In the mid-1970s and early ’80s, many artists chafed against the highly restrictive model of Modernism promulgated by Clement Greenberg, a powerful and influential critic. Thumbing their noses at his declaration that for every avant-garde there is a rear guard producing kitsch, they wholeheartedly embraced bad taste and incorporated all sorts of detritus to create a trash culture all their own. Thomas Lanigan-Schmidt and Rhonda Zwillinger reveled in over-the-top decoration, challenging hierarchical distinctions between so-called “masculine” art and “feminine” craft. Mike Bidlo deliberately faked hundreds of paintings by Jackson Pollock for his re-creation of Peggy Guggenheim’s townhouse at P.S. 1. David Hammons used elephant dung culled from the Big Apple Circus to create sculptures that reference both Swiftian scatology and the politics of diaspora. From the early 1980s, these outlaw refusés and their playful creations filled the streets as well as the narrow storefront galleries that quickly proliferated in “Alphabet City”—slang for the territory delineated by Avenues A, B, C, and D in the East Village—which soon dethroned SoHo as the newest and most vibrant center of Manhattan’s art world.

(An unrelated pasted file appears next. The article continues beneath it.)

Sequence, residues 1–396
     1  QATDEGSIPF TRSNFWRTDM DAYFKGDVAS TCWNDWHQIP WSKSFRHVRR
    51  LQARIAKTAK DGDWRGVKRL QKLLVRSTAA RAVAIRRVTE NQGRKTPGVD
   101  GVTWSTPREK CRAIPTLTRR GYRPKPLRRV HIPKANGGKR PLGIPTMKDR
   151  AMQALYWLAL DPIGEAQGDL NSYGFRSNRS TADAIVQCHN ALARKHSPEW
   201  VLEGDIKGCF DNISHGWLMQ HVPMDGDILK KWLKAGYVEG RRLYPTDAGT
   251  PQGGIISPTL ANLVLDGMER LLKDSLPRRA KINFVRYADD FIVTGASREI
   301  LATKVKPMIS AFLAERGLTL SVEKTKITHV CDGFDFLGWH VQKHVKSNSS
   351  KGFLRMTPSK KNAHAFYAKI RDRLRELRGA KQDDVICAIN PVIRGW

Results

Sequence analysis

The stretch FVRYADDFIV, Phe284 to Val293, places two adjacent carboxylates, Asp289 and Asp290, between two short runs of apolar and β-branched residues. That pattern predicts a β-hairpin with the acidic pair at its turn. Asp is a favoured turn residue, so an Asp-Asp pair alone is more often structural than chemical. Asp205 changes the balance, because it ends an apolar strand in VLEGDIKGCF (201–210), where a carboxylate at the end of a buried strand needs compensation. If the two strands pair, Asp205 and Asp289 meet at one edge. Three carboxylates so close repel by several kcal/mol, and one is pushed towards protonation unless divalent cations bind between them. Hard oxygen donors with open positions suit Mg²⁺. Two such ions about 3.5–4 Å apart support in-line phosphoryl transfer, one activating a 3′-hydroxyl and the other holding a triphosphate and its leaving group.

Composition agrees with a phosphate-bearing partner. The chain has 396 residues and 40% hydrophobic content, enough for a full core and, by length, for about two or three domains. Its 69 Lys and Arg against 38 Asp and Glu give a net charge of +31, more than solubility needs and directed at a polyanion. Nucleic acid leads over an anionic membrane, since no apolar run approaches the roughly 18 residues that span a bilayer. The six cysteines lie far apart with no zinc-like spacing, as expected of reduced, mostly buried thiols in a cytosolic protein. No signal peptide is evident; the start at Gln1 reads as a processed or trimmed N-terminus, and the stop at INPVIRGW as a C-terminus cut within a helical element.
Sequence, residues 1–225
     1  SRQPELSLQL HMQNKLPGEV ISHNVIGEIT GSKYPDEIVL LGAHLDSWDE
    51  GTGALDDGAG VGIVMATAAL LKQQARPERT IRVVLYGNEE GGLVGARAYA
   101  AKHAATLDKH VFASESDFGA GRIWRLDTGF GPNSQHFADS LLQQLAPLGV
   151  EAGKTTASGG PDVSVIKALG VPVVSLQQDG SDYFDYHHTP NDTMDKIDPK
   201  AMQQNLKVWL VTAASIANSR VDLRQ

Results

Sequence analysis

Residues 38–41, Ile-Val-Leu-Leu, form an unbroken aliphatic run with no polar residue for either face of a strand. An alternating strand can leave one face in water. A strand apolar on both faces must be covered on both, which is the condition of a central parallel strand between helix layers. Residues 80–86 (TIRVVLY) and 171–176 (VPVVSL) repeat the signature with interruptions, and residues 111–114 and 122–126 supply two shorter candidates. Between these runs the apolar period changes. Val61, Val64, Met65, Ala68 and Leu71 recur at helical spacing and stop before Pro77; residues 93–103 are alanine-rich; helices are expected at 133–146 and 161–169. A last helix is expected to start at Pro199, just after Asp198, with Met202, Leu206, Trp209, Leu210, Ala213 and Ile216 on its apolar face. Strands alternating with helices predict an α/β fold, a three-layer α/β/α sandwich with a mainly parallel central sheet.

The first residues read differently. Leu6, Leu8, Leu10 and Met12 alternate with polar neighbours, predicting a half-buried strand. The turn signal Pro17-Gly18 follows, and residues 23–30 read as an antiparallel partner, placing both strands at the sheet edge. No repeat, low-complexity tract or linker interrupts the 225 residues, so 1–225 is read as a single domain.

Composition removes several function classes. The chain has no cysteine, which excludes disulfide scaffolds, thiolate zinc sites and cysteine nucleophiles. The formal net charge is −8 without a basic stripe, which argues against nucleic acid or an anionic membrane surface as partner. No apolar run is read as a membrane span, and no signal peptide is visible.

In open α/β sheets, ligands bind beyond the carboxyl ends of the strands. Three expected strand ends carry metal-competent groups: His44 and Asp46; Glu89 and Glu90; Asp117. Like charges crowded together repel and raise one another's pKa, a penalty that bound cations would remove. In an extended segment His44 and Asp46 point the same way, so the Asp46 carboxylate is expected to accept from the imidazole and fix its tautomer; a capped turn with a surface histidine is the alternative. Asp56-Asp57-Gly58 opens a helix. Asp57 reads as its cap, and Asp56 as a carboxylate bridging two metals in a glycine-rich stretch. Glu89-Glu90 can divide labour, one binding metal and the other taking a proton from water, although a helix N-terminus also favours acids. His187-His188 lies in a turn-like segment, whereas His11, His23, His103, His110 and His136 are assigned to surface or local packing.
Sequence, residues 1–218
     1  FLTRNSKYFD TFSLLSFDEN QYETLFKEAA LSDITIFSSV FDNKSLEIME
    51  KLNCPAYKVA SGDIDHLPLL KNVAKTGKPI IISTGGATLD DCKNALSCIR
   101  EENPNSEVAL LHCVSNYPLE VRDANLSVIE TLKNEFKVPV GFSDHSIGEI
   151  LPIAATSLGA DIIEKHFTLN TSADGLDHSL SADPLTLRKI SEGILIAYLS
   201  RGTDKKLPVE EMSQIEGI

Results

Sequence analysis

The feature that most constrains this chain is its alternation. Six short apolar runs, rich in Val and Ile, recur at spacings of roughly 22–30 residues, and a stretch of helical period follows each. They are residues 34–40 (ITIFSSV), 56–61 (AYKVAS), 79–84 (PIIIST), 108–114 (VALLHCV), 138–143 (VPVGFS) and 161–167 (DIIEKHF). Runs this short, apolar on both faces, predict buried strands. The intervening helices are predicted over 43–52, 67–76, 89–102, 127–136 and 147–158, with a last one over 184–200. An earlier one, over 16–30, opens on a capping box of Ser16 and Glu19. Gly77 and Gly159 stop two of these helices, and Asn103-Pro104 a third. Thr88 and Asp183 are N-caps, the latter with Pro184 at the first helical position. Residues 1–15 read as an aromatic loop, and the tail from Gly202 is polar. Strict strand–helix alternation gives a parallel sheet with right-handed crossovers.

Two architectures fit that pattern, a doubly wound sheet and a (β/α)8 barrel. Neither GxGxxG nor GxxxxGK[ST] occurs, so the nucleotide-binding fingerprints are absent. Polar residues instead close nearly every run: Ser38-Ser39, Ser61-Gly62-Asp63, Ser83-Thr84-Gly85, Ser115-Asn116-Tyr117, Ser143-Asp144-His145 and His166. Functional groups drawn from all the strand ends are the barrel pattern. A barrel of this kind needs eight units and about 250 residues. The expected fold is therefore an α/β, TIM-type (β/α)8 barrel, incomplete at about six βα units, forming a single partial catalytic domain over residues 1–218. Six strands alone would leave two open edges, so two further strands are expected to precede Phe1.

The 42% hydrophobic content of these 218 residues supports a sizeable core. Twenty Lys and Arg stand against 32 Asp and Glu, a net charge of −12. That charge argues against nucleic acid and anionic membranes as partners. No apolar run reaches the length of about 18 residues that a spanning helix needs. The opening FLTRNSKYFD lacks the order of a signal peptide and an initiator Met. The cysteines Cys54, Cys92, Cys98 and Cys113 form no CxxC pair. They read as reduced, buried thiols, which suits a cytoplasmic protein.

Mike Bidlo, Jack the Dripper at Peg’s Place, 1982. Installation view, P.S. 1. Photo: Lisa Kahane. Copyright © 1982 Lisa Kahane, NYC

Departing from the pointed criticism found in much appropriation art, Mike Bidlo attempts to inhabit not only Jackson Pollock’s work, but his soul. In preparing to imitate  Pollock’s painting technique, Bidlo closely studied Hans Namuth’s films of the artist at work. This P.S. 1 installation—Bidlo’s first appropriation of Pollock’s art—included a performance by Bidlo re-enacting the infamous incident in which Pollock urinated into Peggy Guggenheim’s fireplace, a gesture often linked with Pollock’s distinctive painting method.